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Can a VPN Be Hacked?

Simon Migliano is a recognized world expert in VPNs. He's tested hundreds of VPN services and his research has featured on the BBC, The New York Times and more.

Fact-checked by JP Jones

Our Verdict

VPN services can be hacked, but it’s extremely difficult to do so. Most premium VPNs use OpenVPN or WireGuard protocols in combination with AES or ChaCha encryption – a combination almost impossible to decrypt using brute force attacks. Using a VPN doesn't prevent you being hacked entirely, but it reduces the risk significantly.

Can a VPN be hacked header image

Hackers and cybercriminals are known to take advantage of insecure WiFi networks to steal sensitive data like bank details, login credentials, and credit card information.

When you set up a VPN connection, the VPN creates an encrypted tunnel between your device and a remote VPN server. This hides your IP address from the websites you visit and encrypts your web traffic.

By encrypting your internet connection, a VPN prevents hackers and other third parties from monitoring your web activity and makes it harder to intercept your data transfers.

Summary: How VPNs Can Be Hacked

It’s technically possible to hack a VPN connection using the following methods:

Every day, millions of people use VPNs to protect themselves from hackers on public WiFi connections.

By using a VPN, they send their browsing data through a VPN server and into the hands of the company running it. So what happens if the VPN itself is hacked?

In this guide, we’ll explain the different ways a VPN can be hacked, if a VPN can prevent hacking, and exactly how to protect yourself.

EXPERT ADVICE: Reduce the risk of getting hacked by choosing a no-logs VPN with AES-256 encryption, OpenVPN support, and a history of third-party security audits. We recommend ExpressVPN, which you can try risk-free for 30 days.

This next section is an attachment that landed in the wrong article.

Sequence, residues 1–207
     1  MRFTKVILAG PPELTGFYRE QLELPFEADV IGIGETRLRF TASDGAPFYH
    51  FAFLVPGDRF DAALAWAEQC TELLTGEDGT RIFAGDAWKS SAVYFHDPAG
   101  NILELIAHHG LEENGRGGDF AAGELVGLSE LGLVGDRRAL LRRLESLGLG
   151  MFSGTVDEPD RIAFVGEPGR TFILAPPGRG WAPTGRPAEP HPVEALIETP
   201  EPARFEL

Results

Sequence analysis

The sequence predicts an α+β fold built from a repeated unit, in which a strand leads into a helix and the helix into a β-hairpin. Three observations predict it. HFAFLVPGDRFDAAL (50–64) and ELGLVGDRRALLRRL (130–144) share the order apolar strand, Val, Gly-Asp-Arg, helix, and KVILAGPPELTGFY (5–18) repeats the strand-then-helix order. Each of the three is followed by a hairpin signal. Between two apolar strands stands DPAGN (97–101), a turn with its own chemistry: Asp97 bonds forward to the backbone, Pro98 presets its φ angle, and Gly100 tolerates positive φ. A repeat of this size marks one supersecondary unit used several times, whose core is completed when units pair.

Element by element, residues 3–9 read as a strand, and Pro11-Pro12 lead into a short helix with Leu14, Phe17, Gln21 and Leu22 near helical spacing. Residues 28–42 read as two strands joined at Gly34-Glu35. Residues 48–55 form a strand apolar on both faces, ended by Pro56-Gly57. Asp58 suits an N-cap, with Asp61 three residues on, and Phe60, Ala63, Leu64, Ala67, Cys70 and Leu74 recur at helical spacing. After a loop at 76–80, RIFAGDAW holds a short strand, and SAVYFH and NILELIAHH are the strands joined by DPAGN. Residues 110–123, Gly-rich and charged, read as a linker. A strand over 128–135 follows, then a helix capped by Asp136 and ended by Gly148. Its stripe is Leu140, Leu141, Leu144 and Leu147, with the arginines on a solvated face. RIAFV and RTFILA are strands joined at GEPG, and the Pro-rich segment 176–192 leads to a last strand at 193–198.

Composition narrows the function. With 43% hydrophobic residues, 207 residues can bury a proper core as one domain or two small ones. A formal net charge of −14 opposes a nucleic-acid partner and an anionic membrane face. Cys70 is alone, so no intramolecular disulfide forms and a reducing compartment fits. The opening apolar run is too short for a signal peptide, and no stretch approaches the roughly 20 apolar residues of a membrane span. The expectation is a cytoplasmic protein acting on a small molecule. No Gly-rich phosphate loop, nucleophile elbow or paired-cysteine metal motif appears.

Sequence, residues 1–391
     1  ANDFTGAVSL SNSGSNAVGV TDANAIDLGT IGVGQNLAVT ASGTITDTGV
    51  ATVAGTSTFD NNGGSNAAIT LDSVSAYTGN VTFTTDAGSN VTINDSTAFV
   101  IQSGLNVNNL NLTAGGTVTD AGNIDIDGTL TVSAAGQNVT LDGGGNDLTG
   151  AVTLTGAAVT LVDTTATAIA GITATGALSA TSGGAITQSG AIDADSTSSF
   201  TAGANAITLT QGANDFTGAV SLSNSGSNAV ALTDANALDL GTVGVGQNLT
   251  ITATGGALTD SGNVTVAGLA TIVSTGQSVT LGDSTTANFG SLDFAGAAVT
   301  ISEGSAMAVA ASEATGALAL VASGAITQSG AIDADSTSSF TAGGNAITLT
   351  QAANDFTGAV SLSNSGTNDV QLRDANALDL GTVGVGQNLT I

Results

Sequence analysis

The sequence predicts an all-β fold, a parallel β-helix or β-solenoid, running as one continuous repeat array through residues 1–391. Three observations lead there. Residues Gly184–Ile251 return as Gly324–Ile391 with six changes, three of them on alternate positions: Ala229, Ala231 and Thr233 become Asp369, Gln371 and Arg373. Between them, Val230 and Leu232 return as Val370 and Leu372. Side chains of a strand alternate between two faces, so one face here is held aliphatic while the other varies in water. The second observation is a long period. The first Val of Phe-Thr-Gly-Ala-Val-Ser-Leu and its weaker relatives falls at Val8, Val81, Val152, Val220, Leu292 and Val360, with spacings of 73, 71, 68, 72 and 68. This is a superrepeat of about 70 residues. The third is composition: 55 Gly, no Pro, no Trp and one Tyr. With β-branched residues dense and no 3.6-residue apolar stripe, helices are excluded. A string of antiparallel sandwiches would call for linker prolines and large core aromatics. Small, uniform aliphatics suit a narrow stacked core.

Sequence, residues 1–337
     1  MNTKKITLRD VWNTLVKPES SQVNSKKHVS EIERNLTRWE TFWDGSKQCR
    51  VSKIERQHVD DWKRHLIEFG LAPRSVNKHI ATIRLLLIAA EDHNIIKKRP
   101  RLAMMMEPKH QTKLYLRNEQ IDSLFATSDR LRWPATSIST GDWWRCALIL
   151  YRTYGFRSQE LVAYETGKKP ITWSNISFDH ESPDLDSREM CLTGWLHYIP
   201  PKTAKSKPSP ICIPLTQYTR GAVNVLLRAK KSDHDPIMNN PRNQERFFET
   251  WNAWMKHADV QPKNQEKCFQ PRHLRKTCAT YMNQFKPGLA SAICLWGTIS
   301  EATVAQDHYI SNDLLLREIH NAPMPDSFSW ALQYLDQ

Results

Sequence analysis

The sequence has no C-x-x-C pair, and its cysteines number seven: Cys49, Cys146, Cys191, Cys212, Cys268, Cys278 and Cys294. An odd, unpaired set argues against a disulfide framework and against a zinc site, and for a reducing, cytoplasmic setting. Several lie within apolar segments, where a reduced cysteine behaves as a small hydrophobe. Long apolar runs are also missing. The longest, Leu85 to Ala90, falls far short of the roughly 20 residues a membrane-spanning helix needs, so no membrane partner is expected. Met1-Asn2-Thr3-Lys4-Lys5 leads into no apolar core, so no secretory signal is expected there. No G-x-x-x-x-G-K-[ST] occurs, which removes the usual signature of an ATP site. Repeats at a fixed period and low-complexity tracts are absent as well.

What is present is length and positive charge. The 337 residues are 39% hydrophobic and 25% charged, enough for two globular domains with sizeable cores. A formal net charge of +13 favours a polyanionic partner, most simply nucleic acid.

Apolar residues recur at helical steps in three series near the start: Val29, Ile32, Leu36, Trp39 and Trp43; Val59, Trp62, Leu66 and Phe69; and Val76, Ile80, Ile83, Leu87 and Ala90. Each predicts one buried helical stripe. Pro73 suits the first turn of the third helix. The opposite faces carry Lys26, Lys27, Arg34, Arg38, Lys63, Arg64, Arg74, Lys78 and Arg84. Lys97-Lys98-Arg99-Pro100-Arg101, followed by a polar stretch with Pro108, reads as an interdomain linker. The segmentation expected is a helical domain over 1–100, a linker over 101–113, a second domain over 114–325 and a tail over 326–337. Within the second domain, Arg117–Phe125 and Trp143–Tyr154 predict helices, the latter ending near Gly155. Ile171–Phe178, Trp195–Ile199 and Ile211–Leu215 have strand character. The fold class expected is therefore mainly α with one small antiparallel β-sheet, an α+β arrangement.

Why Trust Us?

We’re fully independent and have been reviewing VPNs since 2016. Our advice is based on our own testing results and is unaffected by financial incentives. Learn who we are and how we test VPNs.

How Can a VPN Service Be Hacked?

To understand if a VPN can be hacked, you first need to understand exactly how a VPN works.

Here’s a brief summary of what happens when you use a VPN:

  1. You download VPN software to your device, connect to a VPN server, and request a website.
  2. The VPN software uses a connection protocol to safely connect your device to the server, and an encryption cipher to encrypt the data traveling to it.
  3. When your data reaches the VPN server, it is decrypted and the server connects to the website on your behalf.
  4. The website sends the requested information back to the VPN server, where it is encrypted and forwarded back to your device.
  5. The VPN client decrypts the information and the website appears in your browser.

To hack your VPN connection, a hacker would have to compromise your data at some point during this process. This might involve attempting to decrypt the data using a brute force attack, capturing data sent outside the VPN tunnel, or compromising the VPN server itself.